|glass lenses = bad?||gtx|
May 31, 2002 9:04 AM
|After trying Rudy Projects and a few other cycling/sport type sunglasses I've decided to just get another set of Ray Bans (I like their gray lenses the best). So the question is, am I stupid to even consider glass lenses for an activity like cycling? Are the "polycarbonate" lenses considered much safer? Thanks!|
|you bet||Mel Erickson|
May 31, 2002 9:11 AM
|Shatter resistant lenses are a must and glass doesn't do the job. I don't even think you can get shatter resistant glass lenses anymore and if you can I would think they'd cost a bunch. Besides, polycarbonate and other types of plastic lenses are a lot lighter, which makes for more comfortable glasses, especially when you sweat. The only reason I can think of for getting glass lenses would be scratch resistance but modern coatings on plastic lenses are pretty effective.|
|re: glass lenses = bad?||DINOSAUR|
May 31, 2002 9:29 AM
|I couldn't see forking over a lot of money just for eye protection when I rode. I purchased a pair of house brand Nashbar "Adonis" sunglasses that came with 4 replacement lenses on sale for $29.00. They fit better than my old Smiths as you can adjust the temple length. For safety reasons, I'd avoid glass. When I crashed two years ago I was wearing my Smiths and they survived intact, even though I received a nasty black eye. I think glass ones would have shattered.|
|thanks guys--I'm convinced nm||gtx|
May 31, 2002 2:14 PM
|re: glass lenses = bad?||HAL9010|
May 31, 2002 2:18 PM
|True optical glass lenses are tempered and shatter resistant. US law requires that all (not a small sample of but all) glass prescription lenses be tested before delivery to the consumer they were made for. The test is very harsh. The same test if performed on plastic will leave a damage mark on the lens. This will not matter to you if you don't require prescription lenses as I do. |
On scratch resistance, plastic lenses, coated or not will still scratch far faster than glass. Glass lenses will not scratch if handled with reasonable care and quite often with poor care. Plastic lenses will develop scratches (even coated) even with seemingly good care.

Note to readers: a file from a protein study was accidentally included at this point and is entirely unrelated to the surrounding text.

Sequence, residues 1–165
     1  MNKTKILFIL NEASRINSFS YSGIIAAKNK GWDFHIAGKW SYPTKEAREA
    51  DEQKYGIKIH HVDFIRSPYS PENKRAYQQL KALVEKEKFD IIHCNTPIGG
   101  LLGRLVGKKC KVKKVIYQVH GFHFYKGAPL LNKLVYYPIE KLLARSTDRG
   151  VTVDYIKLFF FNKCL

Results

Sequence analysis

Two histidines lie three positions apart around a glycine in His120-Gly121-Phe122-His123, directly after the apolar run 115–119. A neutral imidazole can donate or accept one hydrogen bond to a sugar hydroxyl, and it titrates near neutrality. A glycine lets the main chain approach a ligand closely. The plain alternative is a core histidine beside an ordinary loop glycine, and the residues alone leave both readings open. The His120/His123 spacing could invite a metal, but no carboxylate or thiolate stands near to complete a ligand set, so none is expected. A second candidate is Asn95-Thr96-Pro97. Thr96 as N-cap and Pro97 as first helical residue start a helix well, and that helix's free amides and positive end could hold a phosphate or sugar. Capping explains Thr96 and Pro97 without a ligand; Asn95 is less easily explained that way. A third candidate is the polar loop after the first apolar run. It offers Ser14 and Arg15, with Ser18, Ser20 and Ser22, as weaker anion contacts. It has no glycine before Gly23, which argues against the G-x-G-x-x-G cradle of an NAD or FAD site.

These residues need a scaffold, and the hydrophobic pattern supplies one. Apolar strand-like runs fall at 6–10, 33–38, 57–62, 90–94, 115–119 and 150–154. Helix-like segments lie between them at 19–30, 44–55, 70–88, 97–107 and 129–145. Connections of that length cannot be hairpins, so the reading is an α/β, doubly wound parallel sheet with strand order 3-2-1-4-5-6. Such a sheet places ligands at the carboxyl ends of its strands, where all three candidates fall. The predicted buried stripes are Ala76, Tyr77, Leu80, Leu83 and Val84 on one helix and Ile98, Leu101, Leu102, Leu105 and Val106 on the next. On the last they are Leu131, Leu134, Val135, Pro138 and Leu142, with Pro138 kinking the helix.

On shatter resistance; if you are hit in the eye by something that results in breaking the lens you will probably have other trauma that would be far worse to worry about than just the broken lens material. Yes the plastic is flexible but the tensile strength of optical glass is very high. Glass is heavier than plastic but some of us are not bothered by the weight. But again this probably matters little to you if you don't need prescription lenses.
Several of the sport glasses brands offer prescription insert options. I have been be-specticaled for about 35 years and active in cycling and other sports with no mishaps to my specs. Hey I gotta weare them all the time any way so I have incentive to take care of them.
Spend some serious coin on your polycarbonate lenses to give yourself the care incentive too or consider some of the wrap-around glass Ray-Bans or Vuarnet's (Both serious coin). If you are worried about them falling off put a strap on them or get them adjusted correctly.
To summarise: nothing less safe with true optical glass lenses. But you owe it to yourself to wear some sort of eye protection instead of none.
I do get carried away...
May 31, 2002 4:48 PM
|I've been riding with the standard Ray Ban wrap arounds with glass lenses for 10 years with no problems--this includes mtb riding. The glass lenses hold up very well, and I know plastic won't, which is the reason for my original question. I assume these are what you call optical glass--they're $100 sunglasses. They are great lenses. Hmmmmm.|| |